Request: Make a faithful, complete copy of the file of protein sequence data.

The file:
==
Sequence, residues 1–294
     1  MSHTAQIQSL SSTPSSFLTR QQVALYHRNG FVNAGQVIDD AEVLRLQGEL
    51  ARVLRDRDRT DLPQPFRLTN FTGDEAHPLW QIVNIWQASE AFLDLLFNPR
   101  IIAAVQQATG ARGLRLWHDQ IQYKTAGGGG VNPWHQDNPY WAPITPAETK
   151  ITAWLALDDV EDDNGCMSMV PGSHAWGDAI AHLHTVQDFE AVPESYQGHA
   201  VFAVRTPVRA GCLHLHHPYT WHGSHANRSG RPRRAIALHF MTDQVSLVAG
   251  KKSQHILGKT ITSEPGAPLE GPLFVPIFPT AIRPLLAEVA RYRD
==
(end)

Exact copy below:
Sequence, residues 1–294
     1  MSHTAQIQSL SSTPSSFLTR QQVALYHRNG FVNAGQVIDD AEVLRLQGEL
    51  ARVLRDRDRT DLPQPFRLTN FTGDEAHPLW QIVNIWQASE AFLDLLFNPR
   101  IIAAVQQATG ARGLRLWHDQ IQYKTAGGGG VNPWHQDNPY WAPITPAETK
   151  ITAWLALDDV EDDNGCMSMV PGSHAWGDAI AHLHTVQDFE AVPESYQGHA
   201  VFAVRTPVRA GCLHLHHPYT WHGSHANRSG RPRRAIALHF MTDQVSLVAG
   251  KKSQHILGKT ITSEPGAPLE GPLFVPIFPT AIRPLLAEVA RYRD